The more entrepreneurial types in China have seen so many laowai's walking around with their backpacks on their back and their daypacks on their front, noses buried in their glossy new LP, walking past dozens of similarly interesting streets looking for this one oddity mentioned in the LP, completely oblivious to the people around them. These entrepreneurs have seen the willingness of these foreigners to be led by the nose by these books. Thus, there are so many restaurants with big signs out front that say "Recommended by the Lonely Planet." These restaurants are in Dali, Yangshuo, Turpan, outside the Great Wall (or at least outside Simatai, which the LP claims is the most adventurous place to see the Great Wall. Simatai is a developed section with vendors all over the place; for adventure, go to an undeveloped section.), or other places which the LP deems as adventurous, and thus so many people go that an industry builds up, thereby making the place thoroughly conventional.

This is especially true in the cases of Dali and Yangshuo. It's been a complete case of positive feedback. The first LP probably mentioned these towns as small, quaint little places to stay at, so a bunch of foreigners went there instead of the other small, quaint places which aren't mentioned in the book. This small, quaint place sees a fair sprinkling of foreigners and realizes there's buckets of money to be had. So one guy probably asked one random whitey what food westerners like. This guy, probably having been in China for several weeks, probably really missed a good Western breakfast, and so told him banana pancakes and muesli with yogurt. So these entrepreneurs open several restaurants cooking banana pancakes and muesli with yogurt to lure whitey in. The next edition of the LP comes out saying this quaint, little place is a haven for Westerners, with plenty of restaurants that serve banana pancakes and muesli with yogurt. So a shitload of LP-reading foreigners, who actually aren't that adventurous and can't bear the thought of going to a Chinese restaurant with Chinese menus, flock to these places, and the cycle repeats itself. Indeed, Yangshuo and Dali have turned from little villas to monstrosities, where backpackers come in on planes from the other side of the world in order to pretend that they're in their home country by doing exactly the same things they could do back home like sitting around in cafes watching the latest Hollywood movie while eating banana pancakes, and perhaps at the end of it, buying a colorful little trinket that signifies, "Oh, I was in a foreign country, I guess."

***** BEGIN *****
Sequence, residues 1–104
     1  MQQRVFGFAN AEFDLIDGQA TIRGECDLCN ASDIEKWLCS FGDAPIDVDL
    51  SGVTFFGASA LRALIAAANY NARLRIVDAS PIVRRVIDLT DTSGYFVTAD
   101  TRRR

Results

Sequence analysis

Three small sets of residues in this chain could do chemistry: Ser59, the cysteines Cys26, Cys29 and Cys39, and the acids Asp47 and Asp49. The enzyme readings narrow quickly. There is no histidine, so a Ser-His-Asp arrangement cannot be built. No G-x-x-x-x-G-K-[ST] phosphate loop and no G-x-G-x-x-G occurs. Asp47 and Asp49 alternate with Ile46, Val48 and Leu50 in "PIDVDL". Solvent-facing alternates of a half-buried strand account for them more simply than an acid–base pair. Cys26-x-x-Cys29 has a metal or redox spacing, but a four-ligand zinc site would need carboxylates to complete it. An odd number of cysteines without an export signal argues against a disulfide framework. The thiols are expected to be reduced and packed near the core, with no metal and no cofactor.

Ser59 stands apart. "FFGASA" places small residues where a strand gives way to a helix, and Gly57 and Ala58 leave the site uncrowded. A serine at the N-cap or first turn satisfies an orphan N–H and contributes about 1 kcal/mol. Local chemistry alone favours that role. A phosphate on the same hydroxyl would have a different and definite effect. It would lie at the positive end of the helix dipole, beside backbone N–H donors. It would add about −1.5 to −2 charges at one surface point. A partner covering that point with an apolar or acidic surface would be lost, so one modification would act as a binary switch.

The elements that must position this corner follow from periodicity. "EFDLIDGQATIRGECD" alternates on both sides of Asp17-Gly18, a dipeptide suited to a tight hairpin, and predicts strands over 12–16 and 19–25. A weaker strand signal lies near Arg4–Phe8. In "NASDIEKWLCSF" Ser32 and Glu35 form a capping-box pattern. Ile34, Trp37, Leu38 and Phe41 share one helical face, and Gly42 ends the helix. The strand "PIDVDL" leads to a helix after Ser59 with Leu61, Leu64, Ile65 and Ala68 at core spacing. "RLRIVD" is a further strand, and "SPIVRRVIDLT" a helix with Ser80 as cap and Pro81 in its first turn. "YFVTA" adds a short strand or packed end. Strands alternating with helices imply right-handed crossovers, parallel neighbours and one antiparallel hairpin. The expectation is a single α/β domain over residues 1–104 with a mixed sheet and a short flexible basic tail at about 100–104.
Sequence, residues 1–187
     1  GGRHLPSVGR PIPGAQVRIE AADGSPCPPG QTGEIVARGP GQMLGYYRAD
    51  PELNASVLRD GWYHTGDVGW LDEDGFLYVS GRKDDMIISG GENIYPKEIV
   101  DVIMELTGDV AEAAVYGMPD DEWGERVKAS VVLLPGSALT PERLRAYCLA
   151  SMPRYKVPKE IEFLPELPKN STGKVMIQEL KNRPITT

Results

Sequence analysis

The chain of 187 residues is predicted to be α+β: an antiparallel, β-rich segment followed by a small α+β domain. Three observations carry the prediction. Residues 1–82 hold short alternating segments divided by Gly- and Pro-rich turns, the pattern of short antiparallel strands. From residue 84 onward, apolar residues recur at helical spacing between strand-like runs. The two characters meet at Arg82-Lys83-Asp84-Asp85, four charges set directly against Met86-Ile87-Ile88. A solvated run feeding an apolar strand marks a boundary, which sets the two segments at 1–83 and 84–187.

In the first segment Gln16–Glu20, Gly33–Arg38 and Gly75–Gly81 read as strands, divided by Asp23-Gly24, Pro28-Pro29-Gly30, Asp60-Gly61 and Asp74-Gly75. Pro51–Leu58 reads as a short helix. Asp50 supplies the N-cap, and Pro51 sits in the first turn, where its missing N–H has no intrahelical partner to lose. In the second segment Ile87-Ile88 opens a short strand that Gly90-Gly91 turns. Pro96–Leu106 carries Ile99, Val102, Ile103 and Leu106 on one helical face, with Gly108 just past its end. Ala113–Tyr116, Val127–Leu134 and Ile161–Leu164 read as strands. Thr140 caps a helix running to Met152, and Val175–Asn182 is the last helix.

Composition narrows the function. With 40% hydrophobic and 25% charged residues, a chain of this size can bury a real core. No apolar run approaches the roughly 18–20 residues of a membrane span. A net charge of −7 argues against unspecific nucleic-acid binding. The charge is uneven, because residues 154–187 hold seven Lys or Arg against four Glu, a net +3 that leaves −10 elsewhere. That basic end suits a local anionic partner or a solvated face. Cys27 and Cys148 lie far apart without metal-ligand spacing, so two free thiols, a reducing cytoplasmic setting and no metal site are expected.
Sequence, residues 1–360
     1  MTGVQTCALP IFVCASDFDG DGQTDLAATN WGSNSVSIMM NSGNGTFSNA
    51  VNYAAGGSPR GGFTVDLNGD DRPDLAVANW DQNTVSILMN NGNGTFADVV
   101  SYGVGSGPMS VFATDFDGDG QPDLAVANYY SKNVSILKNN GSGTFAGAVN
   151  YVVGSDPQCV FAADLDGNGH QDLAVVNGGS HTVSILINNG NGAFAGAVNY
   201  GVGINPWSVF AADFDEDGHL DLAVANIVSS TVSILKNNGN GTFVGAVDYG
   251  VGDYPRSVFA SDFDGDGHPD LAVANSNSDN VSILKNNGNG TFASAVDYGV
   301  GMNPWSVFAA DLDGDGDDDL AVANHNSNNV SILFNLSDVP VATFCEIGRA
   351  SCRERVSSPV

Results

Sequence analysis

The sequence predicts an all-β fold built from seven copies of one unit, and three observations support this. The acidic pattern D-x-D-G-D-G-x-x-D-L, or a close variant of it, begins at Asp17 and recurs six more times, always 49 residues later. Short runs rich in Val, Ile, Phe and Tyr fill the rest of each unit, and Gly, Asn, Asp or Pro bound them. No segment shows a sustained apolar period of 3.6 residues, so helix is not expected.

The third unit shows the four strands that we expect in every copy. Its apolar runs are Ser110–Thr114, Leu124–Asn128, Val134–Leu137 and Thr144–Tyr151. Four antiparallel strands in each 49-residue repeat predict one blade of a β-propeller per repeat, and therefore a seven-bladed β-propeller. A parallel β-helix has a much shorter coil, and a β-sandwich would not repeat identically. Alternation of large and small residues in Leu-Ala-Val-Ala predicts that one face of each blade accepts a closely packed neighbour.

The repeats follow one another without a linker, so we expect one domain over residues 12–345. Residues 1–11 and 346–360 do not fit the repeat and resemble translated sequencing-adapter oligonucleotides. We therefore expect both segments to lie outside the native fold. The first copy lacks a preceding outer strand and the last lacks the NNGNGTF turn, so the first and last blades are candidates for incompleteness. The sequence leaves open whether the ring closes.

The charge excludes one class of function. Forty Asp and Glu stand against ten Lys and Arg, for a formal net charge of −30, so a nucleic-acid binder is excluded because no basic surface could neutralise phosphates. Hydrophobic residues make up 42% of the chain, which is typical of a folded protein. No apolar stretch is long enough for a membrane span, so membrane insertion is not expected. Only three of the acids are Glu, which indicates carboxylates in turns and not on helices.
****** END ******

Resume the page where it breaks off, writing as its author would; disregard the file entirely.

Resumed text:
When I was researching the several options for where to go this summer, I checked out the LP web site's bulletin board. There are some posters there who clearly seem to have a lot of experience traveling in China without their nose buried too deeply in the LP and their advice/reviews were helpful. However, the vast majority of the posts go like this: "Can anyone help me on where to go in China? I have two weeks to see as much as I can. I'm flying in to Beijing and I want to see Dali and Yangshuo. Does anyone have any suggestions for other places to go?" Thankfully, these posts are followed up by some more experienced people replying with, "You're a fucking idiot."

After a close textual analysis of the LP, though, I think the writers deliberately cover up some places. For example, for this trip that I'm doing this summer, I want to start in Chengdu and head north to Gansu or Qinghai, which has a lot of Tibetan people. One route, which looks particularly badass/dangerous, goes through the city of Yushu in Qinghai. I heard from a friend, who's studying Tibetan language with a monk in Beijing, that Yushu is THE place to be in terms of temples. But after a thorough scouring of the LP, all I could find was a brief reference to Yushu in one sentence, mostly as a town that you pass through if you're going from Xining to Chengdu, a rough week-long route that few people do. The two possibilities are that 1) they didn't do their research or 2) the writers are deliberately hiding this place in order to protect it. But if they do mention this place (as opposed to any of the other random villages along the route), it shows that at least they've been there. I think that the writers probably have the same attitude towards the majority of their readers as I do (disgust) and that they're willing to wax poetic about Yangshuo in order to get paid while protecting the really good things for themselves.